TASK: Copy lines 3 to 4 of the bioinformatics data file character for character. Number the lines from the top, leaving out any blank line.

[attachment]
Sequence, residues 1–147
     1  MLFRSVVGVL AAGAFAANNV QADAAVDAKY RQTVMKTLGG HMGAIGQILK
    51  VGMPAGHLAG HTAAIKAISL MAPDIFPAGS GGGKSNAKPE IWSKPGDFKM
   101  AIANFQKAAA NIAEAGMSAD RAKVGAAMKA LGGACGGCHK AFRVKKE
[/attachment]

    51  VGMPAGHLAG HTAAIKAISL MAPDIFPAGS GGGKSNAKPE IWSKPGDFKM
   101  AIANFQKAAA NIAEAGMSAD RAKVGAAMKA LGGACGGCHK AFRVKKE